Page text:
Dr Bergstrom was the opening keynote speaker at the Scientific Committee on Antarctic Research’s Open Science Conference held in Auckland from 22 August to 3 September.

More information on the National Committee for Antarctic Research


Chair: Professor Stuart Wyithe

The development of a second decadal plan for Astronomy is well underway. Approximately 250 students, researchers, senior astronomers and academics, including Academy fellows, attended a decadal plan workshop on 22 July held during the Astronomical Society of Australia conference at Macquarie University. The working group chairs presented the results of community consultations and submissions, and discussion was invited. The plan is progressing well, and the reports from the working groups were provided to the committee in August. The committee met after the workshop to discuss progress with the plan and details for the next stages.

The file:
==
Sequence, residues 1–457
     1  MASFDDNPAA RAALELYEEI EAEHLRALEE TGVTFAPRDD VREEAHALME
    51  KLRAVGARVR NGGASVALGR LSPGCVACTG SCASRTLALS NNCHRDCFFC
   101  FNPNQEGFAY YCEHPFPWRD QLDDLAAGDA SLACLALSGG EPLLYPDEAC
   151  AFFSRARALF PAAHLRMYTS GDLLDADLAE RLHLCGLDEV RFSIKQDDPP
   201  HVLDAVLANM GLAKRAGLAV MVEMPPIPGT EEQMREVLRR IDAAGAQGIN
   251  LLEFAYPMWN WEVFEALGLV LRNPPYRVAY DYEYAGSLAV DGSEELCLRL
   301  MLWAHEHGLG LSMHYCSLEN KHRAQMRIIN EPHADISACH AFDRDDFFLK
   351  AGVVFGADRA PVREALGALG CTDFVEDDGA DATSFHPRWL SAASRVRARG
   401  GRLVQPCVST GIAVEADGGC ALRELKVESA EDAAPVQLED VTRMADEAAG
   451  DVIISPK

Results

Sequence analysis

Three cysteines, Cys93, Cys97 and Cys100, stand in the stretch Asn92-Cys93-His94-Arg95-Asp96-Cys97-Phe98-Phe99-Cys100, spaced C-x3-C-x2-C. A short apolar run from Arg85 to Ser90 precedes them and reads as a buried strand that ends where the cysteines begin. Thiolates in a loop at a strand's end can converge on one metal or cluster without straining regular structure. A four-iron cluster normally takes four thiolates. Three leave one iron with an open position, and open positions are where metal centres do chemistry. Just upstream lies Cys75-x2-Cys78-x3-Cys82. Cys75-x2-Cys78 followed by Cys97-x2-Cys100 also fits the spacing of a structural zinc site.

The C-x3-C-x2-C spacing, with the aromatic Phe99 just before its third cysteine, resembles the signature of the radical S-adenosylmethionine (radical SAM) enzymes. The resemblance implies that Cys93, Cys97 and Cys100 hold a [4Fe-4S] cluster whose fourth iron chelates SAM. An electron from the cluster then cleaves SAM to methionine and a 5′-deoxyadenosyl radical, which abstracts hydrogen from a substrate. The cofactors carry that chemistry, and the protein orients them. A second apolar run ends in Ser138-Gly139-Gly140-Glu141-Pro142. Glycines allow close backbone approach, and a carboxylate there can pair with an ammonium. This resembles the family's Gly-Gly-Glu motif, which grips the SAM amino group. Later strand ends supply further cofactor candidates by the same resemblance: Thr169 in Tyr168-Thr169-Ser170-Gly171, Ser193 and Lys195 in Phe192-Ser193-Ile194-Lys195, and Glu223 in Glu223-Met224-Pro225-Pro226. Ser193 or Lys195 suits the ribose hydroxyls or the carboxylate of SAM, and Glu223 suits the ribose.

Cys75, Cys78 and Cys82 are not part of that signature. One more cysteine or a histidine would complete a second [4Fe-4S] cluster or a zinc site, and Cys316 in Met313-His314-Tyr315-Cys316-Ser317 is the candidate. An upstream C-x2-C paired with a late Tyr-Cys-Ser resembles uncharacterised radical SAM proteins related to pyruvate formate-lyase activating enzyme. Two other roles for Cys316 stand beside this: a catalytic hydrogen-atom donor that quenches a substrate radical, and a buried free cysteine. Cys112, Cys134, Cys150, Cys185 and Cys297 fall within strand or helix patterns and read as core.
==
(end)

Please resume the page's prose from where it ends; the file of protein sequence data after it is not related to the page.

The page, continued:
Biomedical Sciences

Chair: Professor Edna Hardeman

Australian voting delegates nominated by the National Committee for Biomedical Sciences have attended general assemblies of several biomedical scientific unions in recent months:

  • 17th World Congress of Basic and Clinical Pharmacology of the International Union of Basic and Clinical Pharmacology in Cape Town, 13–18 July
  • International Union of Microbiological Societies 2014 Congress in Montreal, 27 July – 1 August
  • 18th Congress of the International Union for Pure and Applied Biophysics in Brisbane, 3–7 August

More information on the National Committee for Biomedical Sciences

Brain and Mind

Chair: Emeritus Professor Pat Michie

The National Committee for Brain and Mind is focused on the development of a website which will be a permanent repository of Brain and Mind research and resources in Australia. Emeritus Professor Michie sought feedback from the Australasian Cognitive Neuroscience Society on the committee’s goals over the next few years and issues of concern to the society.